Of course people stared, I’m sure I would have. Amelia was quite a sight (and sound) to behold. But as opposed to previous years where my primary worry was what strangers were thinking about me and my child, I discovered in this moment that I didn’t care about them or their thoughts at all.
My husband and I were like a united swat team of two. We didn’t turn on each other (another thing common to the past) but we were blunt and to the point. In the maelstrom there’s no time or place for politeness.
I barked, “We have to get her away from the water and to a quiet place so we can help her”. Amelia was not happy when her Dad lifted her then so she started pummelling him, scratching and tearing at him as we pushed our way to the safe haven we sought, nestled on a hill with hedges for cover.
Once we made it to that space we were stuck there for the next 30 minutes while our poor, distressed child screamed and wailed and tried to gather herself. Our role was just to sit with her, talk calmly, and wait. Just wait. There’s really nothing else you can do.
Amelia desperately wanted a band aid to cover the sight of the wound on her knee. She’s had this visual aversion to physical injuries since she was very small. A bad toe cut was covered by her with a sock that had to be worn in the bath every night for over a week.
But I had chosen this day to be unprepared with the most basic of first aid remedies. So instead we practiced taking deep breaths together. I would show her a big inhalation and ask her to try and copy what I was doing.
I watched Amelia valiantly draw a lungful of air into her little chest and then another as her lips quivered from crying and I have never loved her more. For a moment these breathing exercises seemed to work their magic on her and her expression would relax, soften just a little.
Then her face would crumble again and the distress would return. We sat there for ages just taking deep breaths, holding Amelia’s hand, comforting her as far as she would allow, and protecting her from the harm she might do to herself (and us).
In that secluded section of the gardens we had managed to throw a blanket over us, underneath which nothing else mattered except making sure our girl felt safe while the storm passed. No stares from strangers can penetrate that.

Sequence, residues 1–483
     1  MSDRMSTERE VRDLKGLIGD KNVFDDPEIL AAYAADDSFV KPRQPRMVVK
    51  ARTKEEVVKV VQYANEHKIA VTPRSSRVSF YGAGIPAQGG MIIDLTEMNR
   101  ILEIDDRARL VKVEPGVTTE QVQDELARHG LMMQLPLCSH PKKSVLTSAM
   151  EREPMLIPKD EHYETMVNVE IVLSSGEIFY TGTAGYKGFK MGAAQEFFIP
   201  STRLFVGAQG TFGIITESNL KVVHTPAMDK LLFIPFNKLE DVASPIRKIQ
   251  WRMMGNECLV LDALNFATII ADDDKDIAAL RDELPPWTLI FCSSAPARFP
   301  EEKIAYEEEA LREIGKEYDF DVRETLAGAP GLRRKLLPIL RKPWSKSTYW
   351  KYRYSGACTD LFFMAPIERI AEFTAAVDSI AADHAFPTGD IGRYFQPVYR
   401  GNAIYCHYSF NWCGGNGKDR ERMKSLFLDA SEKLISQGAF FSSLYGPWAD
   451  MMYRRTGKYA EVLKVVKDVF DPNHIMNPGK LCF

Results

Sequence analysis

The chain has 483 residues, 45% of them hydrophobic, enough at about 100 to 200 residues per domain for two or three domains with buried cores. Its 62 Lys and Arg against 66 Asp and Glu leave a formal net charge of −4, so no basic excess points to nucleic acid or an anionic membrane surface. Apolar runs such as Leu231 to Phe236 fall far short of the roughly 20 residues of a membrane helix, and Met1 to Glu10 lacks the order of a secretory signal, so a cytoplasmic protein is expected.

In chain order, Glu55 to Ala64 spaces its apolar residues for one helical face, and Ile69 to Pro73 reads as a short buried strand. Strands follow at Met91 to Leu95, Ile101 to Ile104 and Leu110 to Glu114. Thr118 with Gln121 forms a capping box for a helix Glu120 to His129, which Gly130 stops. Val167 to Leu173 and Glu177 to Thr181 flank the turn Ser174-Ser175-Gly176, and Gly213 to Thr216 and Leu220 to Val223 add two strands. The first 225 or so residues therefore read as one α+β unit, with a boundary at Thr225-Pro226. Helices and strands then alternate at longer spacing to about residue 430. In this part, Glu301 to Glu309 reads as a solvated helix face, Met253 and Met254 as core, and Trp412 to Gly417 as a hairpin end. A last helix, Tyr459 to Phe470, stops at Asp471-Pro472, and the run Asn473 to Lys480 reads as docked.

Sometimes, being in a family like ours, you can feel like you exist in some alternate, surreal reality to other people and this day was no exception. Would enlarged photos of the park that day even show we were there at all, like in Antonioni’s Blow-Up?
It’s hard to say, though I suspect an audio recording would have picked up our presence pretty well.
On the shoulders of a parental giant
After what seemed like an eternity, Amelia regained enough composure to leave the gardens, but only if she could ride on her Dad’s shoulders.
It was a long trek back to the car and that poor man’s back was close to breaking point by the end. I valued every step they took together knowing we were closer to making it out and home.
Yes, our outing was most definitely ruined, cut off before it had really begun. We have spent many days like this one and they used to crush me and fill me with despair.
But on this occasion I felt curiously content. Maybe it’s because we understand more about what tips the scales for Amelia and sends her into an epic meltdown like this one.
We appreciate better than ever before that she can’t help it. She is not being naughty or deliberately wilful or trying to hurt us.
And she is suffering, so our job is to be there to do whatever she needs us to do. If that’s sit in a park for 30 minutes practicing deep breathing until the panic and distress subsides, then that is what we will do.
As my knowledge about Amelia’s ASD has grown, so my compassion for her has deepened. When I was sitting on the grass holding her hand I wasn’t feeling sorry for myself because it had all gone wrong. I only felt sorry for my little girl and the weight of what she has to endure.
I didn’t indulge in self-pity, because even though we sounded and looked like a mess of a family, with all of the screaming and scratching and weird breathing, we were a total boss of a team out there.
Nobody sold anybody out on the green and no-one was left behind. We arrived together and sure, we left as a much less merry band of three and my husband was temporarily crippled, but we made it home together and that’s all that counts in the end.